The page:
Commentary on Colossians, 1:13 (Kingdom of Christ)

Colossians 1:13

“who delivered us out of the power of darkness, and translated us into the kingdom of the Son of His love;

“delivered”  (Gr. rhuomai – 4506)

Rescued, saved

“power”  (Gr. exousia – 1849)

Force, authority, jurisdiction, domain, kingdom.

“translated”  (Gr. methistemi – 3179)

Transfer from one place to another.

This to me is one of the key verses in the Bible, and is one of my favorite subjects to talk about. It’s Key in the sense that I believe it should be a verse that is included whenever we share the gospel of Jesus Christ with someone, for it’s a central aspect of our salvation. Key in the sense that it describes where we were before Christ, and where we are now. It describes who’s kingdom we were in before we met Christ, and who’s kingdom we’re in now. It describes who we were subject to before salvation, and who we’re subject to now. It’s a verse that puts our life in Christ in proper perspective as it relates to our life in this world.

Before salvation, we all dwell in the kingdom of darkness. We’re all under the authority and influence of Satan. When we trust Christ as our Lord and Savior, we’re transferred from the kingdom of darkness to the kingdom of light. We’re transferred from the kingdom of Satan to the kingdom of Christ. 

The kingdom of Satan is characterized by the following:

– The rule and laws of Satan
– Children of the devil
– Darkness
– Evil
– Sin and rebellion against God
– Lies and deception
– Spiritual blindness
– Spiritual death and separation from God
– Eternal damnation away from God
– The world
– The will of Self

The kingdom of Christ is characterized by the following:

– The rule and laws of Christ
– Children of God
– Light
– Holiness and righteousness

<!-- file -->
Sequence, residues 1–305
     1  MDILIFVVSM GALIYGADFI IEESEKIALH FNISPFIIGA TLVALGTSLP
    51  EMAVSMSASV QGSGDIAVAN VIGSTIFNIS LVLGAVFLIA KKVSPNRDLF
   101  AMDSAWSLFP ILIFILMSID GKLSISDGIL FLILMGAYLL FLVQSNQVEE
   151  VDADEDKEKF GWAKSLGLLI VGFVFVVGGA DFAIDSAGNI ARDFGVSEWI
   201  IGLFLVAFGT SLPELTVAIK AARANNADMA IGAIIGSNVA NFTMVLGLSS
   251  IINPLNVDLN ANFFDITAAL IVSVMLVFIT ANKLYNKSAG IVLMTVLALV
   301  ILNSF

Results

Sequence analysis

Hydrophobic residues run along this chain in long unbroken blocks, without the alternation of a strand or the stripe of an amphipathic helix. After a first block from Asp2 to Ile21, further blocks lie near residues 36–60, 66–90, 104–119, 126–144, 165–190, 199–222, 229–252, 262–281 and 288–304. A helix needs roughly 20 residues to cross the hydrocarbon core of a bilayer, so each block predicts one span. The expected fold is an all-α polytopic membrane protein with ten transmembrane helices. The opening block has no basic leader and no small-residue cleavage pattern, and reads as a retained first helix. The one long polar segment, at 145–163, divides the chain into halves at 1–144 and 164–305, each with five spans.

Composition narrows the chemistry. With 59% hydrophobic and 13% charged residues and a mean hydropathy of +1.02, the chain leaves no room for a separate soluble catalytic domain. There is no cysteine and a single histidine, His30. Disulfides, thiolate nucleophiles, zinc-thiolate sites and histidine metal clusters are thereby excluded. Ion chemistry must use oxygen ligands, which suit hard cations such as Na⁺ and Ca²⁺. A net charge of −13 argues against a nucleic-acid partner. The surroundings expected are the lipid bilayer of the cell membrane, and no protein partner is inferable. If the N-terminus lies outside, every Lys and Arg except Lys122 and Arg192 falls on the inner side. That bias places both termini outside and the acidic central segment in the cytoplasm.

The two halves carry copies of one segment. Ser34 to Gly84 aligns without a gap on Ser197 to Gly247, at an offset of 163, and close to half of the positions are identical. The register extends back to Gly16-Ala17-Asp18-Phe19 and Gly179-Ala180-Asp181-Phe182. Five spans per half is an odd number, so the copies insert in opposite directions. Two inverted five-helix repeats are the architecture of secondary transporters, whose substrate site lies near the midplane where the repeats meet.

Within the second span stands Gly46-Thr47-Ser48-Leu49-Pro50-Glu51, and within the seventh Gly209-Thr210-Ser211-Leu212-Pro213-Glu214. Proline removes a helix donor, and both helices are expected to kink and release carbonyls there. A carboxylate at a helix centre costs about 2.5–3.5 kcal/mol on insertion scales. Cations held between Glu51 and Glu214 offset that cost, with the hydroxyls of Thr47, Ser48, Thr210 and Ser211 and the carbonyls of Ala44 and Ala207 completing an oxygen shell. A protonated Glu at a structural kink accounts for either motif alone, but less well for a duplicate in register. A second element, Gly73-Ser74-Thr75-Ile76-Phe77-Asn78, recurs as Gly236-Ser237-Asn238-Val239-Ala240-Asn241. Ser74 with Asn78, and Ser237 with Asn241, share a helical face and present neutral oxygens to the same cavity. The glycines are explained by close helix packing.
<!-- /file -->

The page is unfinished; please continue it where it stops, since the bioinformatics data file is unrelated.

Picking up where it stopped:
– Submission and obedience to God
– Truth
– Spiritual eyesight
– Spiritual life and reconciliation with God
– Eternal life in the presence of God
– Heaven
– The will of God

I mentioned above that this is a verse I believe we should share with others when presenting the gospel message. Reason being, is that all these characteristics of the two kingdoms reveal that salvation is more than simply a free pass to Heaven. It reveals a new kingdom, a new Ruler, a new government that is to regulate our lives, a new purpose, a new direction in life, a new family, and a new Father to lead us and provide for us. 

Not that we’re under a direct command to share the plan of salvation in the context of the kingdom of Christ, but when we do, it clearly reveals to the listener that salvation is more than about the way to Heaven. It allows the listener to better understand the decision they’re making when they place their faith in Christ. When the gospel is presented in the context of the kingdom of Christ, it allows them to see exactly what kind of decision they’re making, that it’s a whole new authority and  life and lifestyle that they’re surrendering to. When presenting the gospel in such a manner, it ensures true conversions. 

The gospel message that’s presented from pulpits today are often so shallow, with such little substance, that it’s likely that many people don’t really know what they’re doing when they “trust Christ.” I believe the results are often false conversions, which would explain why there are so many professing Christians who fall away from living for Christ. 

Not only does presenting the gospel message in the context of the kingdom of Christ ensure true conversions, but the practice and example for this is clearly provided for us in the New Testament. Both Jesus and the apostles presented the gospel within the context of the Kingdom of God. I wrote a two-part article about this very subject, and I would encourage you to read it. I regard it as one of the most important articles that I’ve ever written. Here’s the link to it:

The Gospel and The Kingdom

Another related article (two parts):

A Case for Conditional Security, and Why it’s Not a Works-Salvation